Oct 31 2018

What’s New in Patient and Pharmacy Technology?

Apple CEO Tim Cook wowed the world when he revealed his company’s Series4 Apple watch, which includes features to detect when a wearer has fallen, an abnormal heart pattern, and can summon emergency help when needed.  Outcome-changing,” and Life-saver,” were among the terms used to describe the effect Apple’s technology breakthrough could have on patient care.

But Apple is hardly alone in blazing new trails.  Patient-centered technology solutions seem to emerge on a regular basis, with far-reaching implications for the dissemination of health care services.

Diabetes patients, for example, can take advantage of sensor-based devices that can replace traditional blood glucose monitoring.  This could mean no more urine or blood tests, or delays in obtaining test results.  Instead, an implanted sensor can continually monitor glucose levels and send reports to an app on a patient’s cell phone.  The sensor will also trigger a warning if a glucose level is found to be too high or too low.  The U.S. Food and Drug Administration recently approved the first implantable glucose measuring device, manufactured by Senseonics.  Several similar products are at various stages of development.

Bluetooth-enabled smart inhalers are helping improve adherence for asthma sufferers.  According to research reported in the Journal of Aerosol Medicine and Pulmonary Drug Delivery, roughly 94 percent of asthma patients do not use their inhalers correctly, despite the effectiveness of the medication if taken as prescribed.  Now though, there is an alternative.  A new FDA-approved “smart” inhaler records the date, time, place and whether the dose was correctly administered.  A sensor is wired into the inhaler with a Bluetooth transmitter.  According to PBS, the sensor activates when the inhaler is pressed, setting into motion a process that records the exact time and location of a patient’s asthma attack on a smartphone app.

Meanwhile, advances in health screening technology allow pharmacies to offer patients in-store services that previously had to be obtained at a physician’s office or clinic.  Pharmacies can now offer a range of screenings including cardiovascular risk assessments, blood pressure checks for hypertension, glucose testing for diabetes, and bone density screening for osteoporosis. 

This increased availability of in-store testing complements advances to pharmacy technology solutions.  Now it is possible for a pharmacy to add those screening results to a patient’s existing pharmacy record, which allows better insight into a patient’s overall health history. 

Technology continues to facilitate the in-store pharmacy experience in other ways.   Robotic dispensing technology has become increasingly efficient and reliable, such that a growing number of pharmacies have been able to dramatically improve dispensing times.  This means patients spend less time waiting, and pharmacists have more time to spend interacting with patients.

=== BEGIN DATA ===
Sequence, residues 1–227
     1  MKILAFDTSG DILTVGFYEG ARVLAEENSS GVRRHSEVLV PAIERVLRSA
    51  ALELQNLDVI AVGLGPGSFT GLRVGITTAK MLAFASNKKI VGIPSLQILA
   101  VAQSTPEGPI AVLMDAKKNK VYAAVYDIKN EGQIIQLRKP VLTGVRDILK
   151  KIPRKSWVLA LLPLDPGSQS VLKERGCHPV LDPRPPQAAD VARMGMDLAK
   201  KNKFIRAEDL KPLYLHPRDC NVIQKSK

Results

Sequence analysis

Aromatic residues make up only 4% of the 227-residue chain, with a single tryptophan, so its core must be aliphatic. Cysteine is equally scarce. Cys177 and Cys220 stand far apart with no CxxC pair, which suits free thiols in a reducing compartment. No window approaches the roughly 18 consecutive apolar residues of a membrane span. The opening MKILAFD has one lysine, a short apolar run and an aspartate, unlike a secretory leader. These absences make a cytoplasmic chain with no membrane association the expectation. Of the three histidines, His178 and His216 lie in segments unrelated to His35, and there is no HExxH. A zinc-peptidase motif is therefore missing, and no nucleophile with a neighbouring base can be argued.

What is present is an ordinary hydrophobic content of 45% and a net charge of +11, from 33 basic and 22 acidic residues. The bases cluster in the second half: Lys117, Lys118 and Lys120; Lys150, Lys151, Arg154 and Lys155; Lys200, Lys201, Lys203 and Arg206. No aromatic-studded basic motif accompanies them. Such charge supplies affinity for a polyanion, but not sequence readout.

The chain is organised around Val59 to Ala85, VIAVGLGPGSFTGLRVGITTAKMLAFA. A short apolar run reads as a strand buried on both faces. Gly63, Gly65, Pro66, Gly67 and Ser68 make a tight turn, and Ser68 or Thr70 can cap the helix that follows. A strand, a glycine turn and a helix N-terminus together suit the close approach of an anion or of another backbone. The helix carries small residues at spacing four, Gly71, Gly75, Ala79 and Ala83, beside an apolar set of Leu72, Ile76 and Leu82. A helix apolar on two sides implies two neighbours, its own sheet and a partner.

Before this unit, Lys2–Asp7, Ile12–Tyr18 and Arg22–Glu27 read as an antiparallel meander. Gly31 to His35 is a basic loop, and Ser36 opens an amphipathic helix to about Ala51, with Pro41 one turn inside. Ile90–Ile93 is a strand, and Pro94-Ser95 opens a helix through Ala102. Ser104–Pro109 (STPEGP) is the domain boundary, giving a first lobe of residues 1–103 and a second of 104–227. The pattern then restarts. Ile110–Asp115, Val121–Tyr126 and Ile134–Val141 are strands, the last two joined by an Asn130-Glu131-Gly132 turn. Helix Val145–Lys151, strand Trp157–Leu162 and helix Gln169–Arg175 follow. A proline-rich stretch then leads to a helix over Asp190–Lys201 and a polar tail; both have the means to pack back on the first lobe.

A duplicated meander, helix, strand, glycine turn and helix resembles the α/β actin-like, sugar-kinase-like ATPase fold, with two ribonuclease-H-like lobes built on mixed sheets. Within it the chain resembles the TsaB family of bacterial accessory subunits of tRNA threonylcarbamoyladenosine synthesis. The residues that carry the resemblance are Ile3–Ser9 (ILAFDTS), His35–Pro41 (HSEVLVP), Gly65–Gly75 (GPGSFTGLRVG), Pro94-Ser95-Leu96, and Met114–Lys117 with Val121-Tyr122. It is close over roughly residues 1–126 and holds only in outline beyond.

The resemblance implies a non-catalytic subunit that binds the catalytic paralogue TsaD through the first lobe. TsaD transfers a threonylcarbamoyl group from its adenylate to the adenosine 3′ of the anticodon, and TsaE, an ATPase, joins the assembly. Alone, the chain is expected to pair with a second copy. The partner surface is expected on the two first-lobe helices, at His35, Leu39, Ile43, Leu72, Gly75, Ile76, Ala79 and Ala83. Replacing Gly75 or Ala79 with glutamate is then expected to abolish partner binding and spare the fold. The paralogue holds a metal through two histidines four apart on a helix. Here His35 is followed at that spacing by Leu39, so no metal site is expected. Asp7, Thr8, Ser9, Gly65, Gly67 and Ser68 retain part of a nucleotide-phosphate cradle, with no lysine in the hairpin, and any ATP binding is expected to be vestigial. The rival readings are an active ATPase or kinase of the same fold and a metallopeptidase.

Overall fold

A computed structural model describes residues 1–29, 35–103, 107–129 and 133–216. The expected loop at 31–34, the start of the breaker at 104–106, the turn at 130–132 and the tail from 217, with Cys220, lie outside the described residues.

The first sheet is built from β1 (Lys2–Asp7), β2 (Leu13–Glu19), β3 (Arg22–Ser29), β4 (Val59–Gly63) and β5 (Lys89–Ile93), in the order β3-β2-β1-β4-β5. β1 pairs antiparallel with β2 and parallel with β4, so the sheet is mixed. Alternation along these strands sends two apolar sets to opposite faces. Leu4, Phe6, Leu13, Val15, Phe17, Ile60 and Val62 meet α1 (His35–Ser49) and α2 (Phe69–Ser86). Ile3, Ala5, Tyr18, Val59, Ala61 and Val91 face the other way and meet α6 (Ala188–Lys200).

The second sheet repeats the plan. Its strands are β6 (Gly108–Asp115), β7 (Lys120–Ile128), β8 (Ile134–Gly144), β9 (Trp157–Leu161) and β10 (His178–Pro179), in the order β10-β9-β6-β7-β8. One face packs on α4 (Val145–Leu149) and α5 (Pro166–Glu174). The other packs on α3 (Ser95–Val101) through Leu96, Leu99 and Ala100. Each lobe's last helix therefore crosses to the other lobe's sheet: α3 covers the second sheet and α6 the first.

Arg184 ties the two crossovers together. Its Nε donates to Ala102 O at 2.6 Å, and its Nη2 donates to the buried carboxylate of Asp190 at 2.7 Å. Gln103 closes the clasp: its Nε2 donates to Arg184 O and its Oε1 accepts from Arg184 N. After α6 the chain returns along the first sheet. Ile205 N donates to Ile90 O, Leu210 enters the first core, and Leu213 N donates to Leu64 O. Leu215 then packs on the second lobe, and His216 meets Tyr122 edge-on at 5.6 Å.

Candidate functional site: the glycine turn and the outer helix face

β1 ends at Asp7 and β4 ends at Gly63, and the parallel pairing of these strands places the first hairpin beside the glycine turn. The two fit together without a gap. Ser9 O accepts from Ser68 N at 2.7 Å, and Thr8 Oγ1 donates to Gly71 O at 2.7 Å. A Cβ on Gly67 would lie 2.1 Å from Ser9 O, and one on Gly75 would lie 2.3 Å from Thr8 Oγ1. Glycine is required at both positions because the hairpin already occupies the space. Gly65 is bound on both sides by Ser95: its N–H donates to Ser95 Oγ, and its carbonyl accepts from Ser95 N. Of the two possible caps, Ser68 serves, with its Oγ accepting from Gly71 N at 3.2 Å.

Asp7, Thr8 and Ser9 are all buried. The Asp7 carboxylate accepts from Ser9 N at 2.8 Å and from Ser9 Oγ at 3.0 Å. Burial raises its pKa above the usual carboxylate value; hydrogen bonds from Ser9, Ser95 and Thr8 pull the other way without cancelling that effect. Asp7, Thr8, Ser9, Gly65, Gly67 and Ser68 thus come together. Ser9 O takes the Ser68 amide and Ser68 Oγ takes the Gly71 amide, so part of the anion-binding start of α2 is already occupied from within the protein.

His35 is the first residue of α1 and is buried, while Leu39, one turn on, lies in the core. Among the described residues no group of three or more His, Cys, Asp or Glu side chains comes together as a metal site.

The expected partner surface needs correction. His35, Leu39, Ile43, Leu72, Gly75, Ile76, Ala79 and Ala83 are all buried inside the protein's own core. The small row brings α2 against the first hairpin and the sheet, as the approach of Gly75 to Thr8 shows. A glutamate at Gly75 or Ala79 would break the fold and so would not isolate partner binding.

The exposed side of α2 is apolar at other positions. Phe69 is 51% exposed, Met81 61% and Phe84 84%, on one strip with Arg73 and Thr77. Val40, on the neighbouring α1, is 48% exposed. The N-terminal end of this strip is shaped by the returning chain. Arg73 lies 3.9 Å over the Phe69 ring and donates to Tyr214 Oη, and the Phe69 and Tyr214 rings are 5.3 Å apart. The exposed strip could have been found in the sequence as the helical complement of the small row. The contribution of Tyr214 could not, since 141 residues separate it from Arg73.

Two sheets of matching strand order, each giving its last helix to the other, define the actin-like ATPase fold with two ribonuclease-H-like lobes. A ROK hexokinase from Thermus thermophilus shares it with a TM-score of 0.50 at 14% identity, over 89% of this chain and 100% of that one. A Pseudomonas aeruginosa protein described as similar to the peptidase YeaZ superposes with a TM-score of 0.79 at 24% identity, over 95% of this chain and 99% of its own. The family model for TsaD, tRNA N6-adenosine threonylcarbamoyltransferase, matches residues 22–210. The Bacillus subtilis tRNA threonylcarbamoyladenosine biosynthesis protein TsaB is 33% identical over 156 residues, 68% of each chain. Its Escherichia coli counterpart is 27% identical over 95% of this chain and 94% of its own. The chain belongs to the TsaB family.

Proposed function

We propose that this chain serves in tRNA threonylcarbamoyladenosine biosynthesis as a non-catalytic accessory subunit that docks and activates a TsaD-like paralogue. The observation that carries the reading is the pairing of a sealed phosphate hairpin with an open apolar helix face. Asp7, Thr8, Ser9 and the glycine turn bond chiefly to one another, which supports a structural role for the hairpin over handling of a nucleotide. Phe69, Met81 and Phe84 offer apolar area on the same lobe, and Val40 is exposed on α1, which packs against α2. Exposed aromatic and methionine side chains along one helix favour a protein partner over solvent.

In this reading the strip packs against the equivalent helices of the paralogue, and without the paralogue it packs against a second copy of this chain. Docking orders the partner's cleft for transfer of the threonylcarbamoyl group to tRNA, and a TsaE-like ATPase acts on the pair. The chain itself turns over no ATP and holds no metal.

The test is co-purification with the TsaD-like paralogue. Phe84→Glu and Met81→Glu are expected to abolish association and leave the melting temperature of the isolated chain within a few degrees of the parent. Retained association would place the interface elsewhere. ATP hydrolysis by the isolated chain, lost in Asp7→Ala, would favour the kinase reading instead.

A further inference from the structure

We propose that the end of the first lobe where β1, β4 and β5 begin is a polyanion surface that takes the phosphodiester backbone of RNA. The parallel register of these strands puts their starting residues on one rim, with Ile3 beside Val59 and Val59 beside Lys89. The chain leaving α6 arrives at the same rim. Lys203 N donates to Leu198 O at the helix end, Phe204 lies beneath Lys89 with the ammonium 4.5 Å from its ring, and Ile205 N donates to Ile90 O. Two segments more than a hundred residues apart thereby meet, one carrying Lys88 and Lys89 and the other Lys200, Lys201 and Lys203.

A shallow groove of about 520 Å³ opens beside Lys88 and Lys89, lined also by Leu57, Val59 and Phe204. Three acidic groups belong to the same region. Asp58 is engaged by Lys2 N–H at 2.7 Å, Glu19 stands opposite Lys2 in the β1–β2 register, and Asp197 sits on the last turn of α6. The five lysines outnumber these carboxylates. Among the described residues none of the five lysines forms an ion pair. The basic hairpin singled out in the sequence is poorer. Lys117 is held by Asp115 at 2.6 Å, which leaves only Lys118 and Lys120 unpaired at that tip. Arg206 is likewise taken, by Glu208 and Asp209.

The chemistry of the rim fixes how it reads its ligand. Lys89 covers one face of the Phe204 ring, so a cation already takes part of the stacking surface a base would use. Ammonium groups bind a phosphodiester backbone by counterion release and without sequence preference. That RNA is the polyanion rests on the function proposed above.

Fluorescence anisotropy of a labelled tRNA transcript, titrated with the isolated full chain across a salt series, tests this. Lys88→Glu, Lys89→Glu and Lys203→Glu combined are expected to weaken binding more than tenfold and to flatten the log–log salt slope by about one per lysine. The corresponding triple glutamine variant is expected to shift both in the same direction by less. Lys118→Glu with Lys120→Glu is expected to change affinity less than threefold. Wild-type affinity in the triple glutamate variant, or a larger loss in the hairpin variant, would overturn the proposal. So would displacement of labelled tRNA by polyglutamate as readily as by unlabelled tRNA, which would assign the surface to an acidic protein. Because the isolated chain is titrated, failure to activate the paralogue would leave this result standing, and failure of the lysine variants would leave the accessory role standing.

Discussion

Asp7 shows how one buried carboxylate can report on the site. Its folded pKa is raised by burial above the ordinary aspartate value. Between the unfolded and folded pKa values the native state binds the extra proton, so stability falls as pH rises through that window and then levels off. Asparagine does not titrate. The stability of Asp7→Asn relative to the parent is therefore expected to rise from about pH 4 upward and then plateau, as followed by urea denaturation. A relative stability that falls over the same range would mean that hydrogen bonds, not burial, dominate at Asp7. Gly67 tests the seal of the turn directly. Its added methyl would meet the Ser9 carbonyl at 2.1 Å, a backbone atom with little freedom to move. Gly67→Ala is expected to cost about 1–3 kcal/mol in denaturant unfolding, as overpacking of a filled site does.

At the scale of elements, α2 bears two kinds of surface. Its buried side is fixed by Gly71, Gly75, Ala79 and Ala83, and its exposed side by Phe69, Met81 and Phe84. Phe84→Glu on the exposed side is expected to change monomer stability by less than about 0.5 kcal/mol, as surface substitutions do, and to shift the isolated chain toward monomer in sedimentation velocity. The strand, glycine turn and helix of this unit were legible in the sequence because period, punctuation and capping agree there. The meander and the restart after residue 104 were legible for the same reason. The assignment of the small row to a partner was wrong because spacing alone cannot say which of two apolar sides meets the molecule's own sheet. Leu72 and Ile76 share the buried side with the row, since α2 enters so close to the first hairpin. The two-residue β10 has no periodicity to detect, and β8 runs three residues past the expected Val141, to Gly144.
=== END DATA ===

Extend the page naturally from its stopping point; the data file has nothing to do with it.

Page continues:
Pharmacy wait time is also managed via automatic text or email notifications.  Patients are sent a message when a prescription has been filled, or when a refill or renewal is required.  Automatic notifications not only add convenience, but help address the serious problem of medical non-adherence, since a patient who might otherwise let an expiring prescription lag will be more likely to allow the pharmacy to obtain a renewal. 

Looking ahead, technology-based pharmacy e-care plans will have a central role in patient and pharmacy management.  Pharmacy e-care plans are a relatively new tool available to capture, manage – and share – critical patient medical information across patient care teams.  The e-care plan replaces existing processes in which patient records are often maintained in manual files, or spread across multiple systems.  Through the e-care plans, pharmacists can share important information with doctors, clinicians and other members of a patient’s health care team, thereby enabling better care while reducing redundant data entry, and eliminating the risk of prescription conflicts.

As pharmacists – and patients – consider the breathtaking scope of current technology options, it’s important to keep in mind that many of today’s innovations will soon be replaced by even better solutions.  Technology has made possible innovations that were previously unthinkable.  Savvy pharmacy managers will keep pace, and take advantage of solutions to help improve efficiency, and better serve patients.